Per the old timers, there should be no more than .005" between the gears and the bottom plate.

Mine measures .0022" with "plastigage".

My unmolested '40 LTD motor now has 60+ on a cold start, and 40-50 @ 55MPH and 35 at a HOT extended idle, using Shell Rotella 15W/40, T4.

Hammering the pan holes back flat is also a good idea. Saves a lot of RTV.

 

Mike in Colorado

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  • 3 weeks later...

Saturday November 16, 2019:  The Buick teaches me another lesson.........

 

Good morning out there.  

Here's one of those stories where you start the day with project "A" in mind (installing auxiliary fuel pump) and end up somewhere else!

 

I've been working on installing an auxiliary fuel pump, solely for priming the carburetor after she sits for 7+ days.  

The directions say to mount the pump close to the tank.   So...  I got under the car to seek out a good location and immediately noticed the right rear leaf spring leaves all "slid out" of stack!!!

 

It's funny, last week I took the car out to get some 3-y ear "before and after" photos, and my wife noticed in some of the photos that the car looks like it was leaning.  

I wrote it off to the angle of the camera.....  the position of the car in the photo....... until yesterday when I was under there.  

 

Let me show you what I found:

 

 

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The rebound clips held the longest three leaves.  But the fourth slid out to the inside of the car, the bottom stack went out to the tire.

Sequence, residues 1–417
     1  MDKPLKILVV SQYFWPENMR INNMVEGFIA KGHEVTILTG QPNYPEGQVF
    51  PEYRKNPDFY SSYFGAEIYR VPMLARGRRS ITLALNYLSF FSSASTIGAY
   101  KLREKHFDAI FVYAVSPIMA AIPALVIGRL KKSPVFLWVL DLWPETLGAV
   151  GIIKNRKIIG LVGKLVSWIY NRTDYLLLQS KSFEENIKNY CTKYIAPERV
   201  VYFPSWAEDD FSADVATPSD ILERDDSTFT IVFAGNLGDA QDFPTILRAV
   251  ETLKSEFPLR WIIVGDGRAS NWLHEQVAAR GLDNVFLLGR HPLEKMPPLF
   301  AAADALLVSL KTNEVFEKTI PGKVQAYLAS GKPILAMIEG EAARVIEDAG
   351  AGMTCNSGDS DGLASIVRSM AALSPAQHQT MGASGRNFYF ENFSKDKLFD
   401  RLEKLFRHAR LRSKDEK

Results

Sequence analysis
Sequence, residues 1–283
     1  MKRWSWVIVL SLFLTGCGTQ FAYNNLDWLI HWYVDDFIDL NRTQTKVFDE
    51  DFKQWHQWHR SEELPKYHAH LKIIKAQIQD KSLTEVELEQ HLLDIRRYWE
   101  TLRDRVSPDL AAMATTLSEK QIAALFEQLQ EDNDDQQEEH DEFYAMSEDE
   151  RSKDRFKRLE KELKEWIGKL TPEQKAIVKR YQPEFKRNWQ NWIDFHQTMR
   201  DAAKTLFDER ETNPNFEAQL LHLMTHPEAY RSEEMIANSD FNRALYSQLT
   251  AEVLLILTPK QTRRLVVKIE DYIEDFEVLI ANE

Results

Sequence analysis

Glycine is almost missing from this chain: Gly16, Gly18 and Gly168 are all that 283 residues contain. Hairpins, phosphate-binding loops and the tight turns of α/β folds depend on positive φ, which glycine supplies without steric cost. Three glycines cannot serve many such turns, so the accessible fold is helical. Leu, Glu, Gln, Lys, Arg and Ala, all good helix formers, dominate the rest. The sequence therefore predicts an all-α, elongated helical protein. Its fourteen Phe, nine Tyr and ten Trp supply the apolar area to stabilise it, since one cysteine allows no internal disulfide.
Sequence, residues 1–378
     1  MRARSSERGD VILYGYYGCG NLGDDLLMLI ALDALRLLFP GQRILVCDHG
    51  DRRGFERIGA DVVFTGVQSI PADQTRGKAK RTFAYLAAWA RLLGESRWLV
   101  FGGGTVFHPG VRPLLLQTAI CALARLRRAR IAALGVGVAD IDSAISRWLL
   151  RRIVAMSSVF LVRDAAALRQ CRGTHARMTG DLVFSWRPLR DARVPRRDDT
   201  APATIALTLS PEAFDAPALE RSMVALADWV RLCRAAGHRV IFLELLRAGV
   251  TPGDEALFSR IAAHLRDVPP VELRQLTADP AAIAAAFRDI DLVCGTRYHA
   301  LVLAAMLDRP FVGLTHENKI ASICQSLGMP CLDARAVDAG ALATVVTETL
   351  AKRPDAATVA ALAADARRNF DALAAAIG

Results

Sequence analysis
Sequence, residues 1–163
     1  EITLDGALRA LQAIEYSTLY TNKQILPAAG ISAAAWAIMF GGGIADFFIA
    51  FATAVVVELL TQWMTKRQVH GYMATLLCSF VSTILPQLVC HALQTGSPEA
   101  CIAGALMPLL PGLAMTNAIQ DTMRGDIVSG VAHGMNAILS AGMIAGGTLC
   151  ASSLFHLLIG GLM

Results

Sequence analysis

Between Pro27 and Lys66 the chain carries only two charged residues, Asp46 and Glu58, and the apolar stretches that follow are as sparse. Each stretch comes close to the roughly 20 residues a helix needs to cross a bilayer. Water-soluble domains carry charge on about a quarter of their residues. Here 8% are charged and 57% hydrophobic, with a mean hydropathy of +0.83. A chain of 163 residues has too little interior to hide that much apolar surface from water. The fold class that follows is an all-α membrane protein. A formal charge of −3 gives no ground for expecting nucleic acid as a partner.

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I did notice a heavy scratch down the leaves, I have no idea where that came from or if it is related to this issue...

 

 

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I was able to jack up the rear end, rest the chassis rails down on the jack stands which "unloaded" the spring.

Just by loosening the stabilizer nut and all four U-Bolts, I was able to realign the leaves properly and tighten her back up.

 

 

 

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3-years ago.   I went back to this photo just to see how far the nuts were tightened.

 

 

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Then to the manual which states "It is important to tighten spring U-Bolts as tight as they can be drawn up with an 8" wrench"

Retighten at 1000 miles and again at 2000 miles.

 

 

DSC_1137.thumb.jpeg.01aecdde6b71e02b837257948c7bdc02.jpeg

And tighten them I did!  Then I went to check the drivers side and those nuts took another turn also!

 

 

IMG_6957.thumb.jpeg.72e316e6620ca110f93d7f359ddc3025.jpeg

November 2016 to November 2019.

 

 

I was thinking of getting another rebound clip for the middle of the stack.  I would get four, one for each side of the rear leaves.  Would that in any way change the riding qualities?

It just seems that there are a lot of "unprotected" leaves in that stack, and I don't want this to happen again.  Originally, the springs had a tin cover the entire length.

 

 

 

So here's my two cents:

When I first assembled the spring plate, I used my Ryobi 18V impact wrench to tighten things up.

 I NEVER even thought to check the tightness with a wrench, ratchet, breaker bar.... after using the impact.  I assumed the impact made it nice and tight.  

Wrong.

 

Even yesterday, I still used the impact to tighten up the nuts because it works fast and it was 28 degrees out. 

But when the impact was at it's limit, I put a ratchet on the nuts and EASILY got a full turn out of them!

So I tightened up the other side as well and went out for a ride.  All good.

 

So,  I think the issue is that the initial torque was insufficient.  

But....  I dodged a bullet because if that bottom stack swung inwards, It could have pierced my gas tank.  As it is, I only have a little scuff mark on my tire